I selected this book for my July book selection and so very glad that I did. Now I’m going to be reading Ernest Hemingway to see if he is as despicable as he sounds or if his writing redeems him. Martha Gellhorn was infatuated with the famous author and looked up to him as a guiding force in her writing until the day they became more than friends. It was inevitable that they would become involved in a romantic relationship but Martha’s mother...
  • Kalen
    1970-01-01
    I'm embarrassed that I knew nothing about Martha Gellhorn. She desperately wanted to be known for her own work and in her own right but for the years they were together, she lived in Ernest Hemingway's shadow which is a bit how I felt reading Beautiful Exiles. I wanted Martha to cast him off and fly but the story doesn't go that far (it ends soon after their divorce; I don't think that's much of a spoiler--common knowledge he had four wives.) I s...
  • Mike Gunderloy
    1970-01-01
    Novelizations of real people are tricky - and more tricky when they involve famous people. This one covers the love affair and subsequent marriage of Ernest Hemingway and Martha Gellhorn (and to my mind, she ought to be better-known and more famous than he is). Theirs was definitely one of the more interesting and stormy marriages of the mid-twentieth century, and though I suspect the pitch of storms was rather less than Clayton depicts, it makes...
  • Kerry
    1970-01-01
    This was a free Amazon First Reads pick. Having never read Hemingway and with only cursory knowledge of his life and work, I was pleasantly surprised with how much I enjoyed this book. Hemingway is an author on my “bucket list of great authors to read” that I am now anxious to check off! The story was entertaining and seamlessly wove facts into the narrative like all noteworthy historical fiction should. However, I felt that the sources used ...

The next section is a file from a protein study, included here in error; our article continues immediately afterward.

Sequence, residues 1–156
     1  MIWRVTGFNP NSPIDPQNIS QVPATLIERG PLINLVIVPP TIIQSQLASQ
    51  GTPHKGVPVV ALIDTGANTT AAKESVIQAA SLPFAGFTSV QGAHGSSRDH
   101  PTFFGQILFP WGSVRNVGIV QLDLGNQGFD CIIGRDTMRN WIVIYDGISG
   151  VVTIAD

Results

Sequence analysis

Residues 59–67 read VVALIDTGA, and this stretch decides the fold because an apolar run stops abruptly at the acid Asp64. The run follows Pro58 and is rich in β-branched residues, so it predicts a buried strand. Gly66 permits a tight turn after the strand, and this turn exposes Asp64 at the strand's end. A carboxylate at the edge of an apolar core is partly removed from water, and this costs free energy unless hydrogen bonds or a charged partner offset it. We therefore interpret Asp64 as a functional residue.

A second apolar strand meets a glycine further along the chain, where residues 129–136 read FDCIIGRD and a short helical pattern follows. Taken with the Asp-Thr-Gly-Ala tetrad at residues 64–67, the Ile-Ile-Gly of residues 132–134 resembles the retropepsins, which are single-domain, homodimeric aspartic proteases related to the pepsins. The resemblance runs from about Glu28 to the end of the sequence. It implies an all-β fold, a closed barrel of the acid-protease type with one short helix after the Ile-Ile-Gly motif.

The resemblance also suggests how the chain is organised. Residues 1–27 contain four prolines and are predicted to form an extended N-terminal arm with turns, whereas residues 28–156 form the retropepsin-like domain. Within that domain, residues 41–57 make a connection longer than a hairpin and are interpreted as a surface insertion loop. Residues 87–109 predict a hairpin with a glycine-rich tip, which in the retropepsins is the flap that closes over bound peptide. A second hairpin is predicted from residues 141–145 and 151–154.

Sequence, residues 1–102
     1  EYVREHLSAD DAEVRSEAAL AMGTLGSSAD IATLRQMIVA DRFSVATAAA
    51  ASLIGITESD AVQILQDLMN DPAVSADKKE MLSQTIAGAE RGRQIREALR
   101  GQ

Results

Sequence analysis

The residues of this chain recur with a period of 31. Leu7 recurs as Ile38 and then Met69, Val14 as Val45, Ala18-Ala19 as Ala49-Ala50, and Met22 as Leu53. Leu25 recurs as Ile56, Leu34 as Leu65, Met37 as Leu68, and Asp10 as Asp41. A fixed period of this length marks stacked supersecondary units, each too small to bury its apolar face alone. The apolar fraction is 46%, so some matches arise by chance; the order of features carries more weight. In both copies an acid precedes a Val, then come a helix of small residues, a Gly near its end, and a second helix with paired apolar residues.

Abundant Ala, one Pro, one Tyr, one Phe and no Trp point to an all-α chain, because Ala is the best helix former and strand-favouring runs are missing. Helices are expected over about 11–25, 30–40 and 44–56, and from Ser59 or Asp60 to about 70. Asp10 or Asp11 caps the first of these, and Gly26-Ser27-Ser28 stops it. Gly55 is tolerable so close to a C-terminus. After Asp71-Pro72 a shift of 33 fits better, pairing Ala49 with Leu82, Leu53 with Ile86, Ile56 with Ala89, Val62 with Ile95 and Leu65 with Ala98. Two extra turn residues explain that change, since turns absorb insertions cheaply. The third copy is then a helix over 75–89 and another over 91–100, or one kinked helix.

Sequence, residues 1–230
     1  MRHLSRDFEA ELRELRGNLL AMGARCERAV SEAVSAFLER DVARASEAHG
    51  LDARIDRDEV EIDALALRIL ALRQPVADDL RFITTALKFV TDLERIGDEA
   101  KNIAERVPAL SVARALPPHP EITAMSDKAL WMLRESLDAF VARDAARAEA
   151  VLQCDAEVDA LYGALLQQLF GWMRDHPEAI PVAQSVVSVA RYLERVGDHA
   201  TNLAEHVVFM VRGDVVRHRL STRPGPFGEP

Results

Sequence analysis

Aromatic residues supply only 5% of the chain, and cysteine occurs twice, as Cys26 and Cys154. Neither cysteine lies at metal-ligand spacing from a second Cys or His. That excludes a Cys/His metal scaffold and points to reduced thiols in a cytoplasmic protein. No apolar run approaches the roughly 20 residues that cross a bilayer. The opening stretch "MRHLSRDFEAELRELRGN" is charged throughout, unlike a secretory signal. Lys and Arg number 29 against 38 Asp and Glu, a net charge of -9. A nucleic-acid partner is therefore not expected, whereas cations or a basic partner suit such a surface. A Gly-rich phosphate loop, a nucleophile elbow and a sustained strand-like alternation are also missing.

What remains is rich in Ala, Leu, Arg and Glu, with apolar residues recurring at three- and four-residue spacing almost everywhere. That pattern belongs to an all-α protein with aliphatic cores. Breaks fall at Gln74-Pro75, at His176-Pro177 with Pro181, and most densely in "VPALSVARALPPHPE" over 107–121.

• Therese Gadal
    1970-01-01
    InsightfulI've been a fan of Hemingway's work for most of my life, but had only heard of Martha Gellhorn from the movie about the two of them, so, I was intrigued enough to want to know more about both of them. This book does a good job of providing an inside look at their years together. Nicely framed in the turbulent times they lived in. By the time I finished the book I loathed both Gellhorn and Hemingway. Despite the talent they each had, the...
  • Stacey
    1970-01-01
    The story of a dysfunctional relationship with a narcissist. The blurb called it a love story but I see no evidence of love. I admire Hemingway’s writing Immensely but he is a flawed character with a messy personal life. The woman in this instance was Martha Gellhorn, Hemingway’s third but not final wife. It sounds like she was a fine writer herself but was not that sympathetic of a character, either.
  • Melissa A Comer
    1970-01-01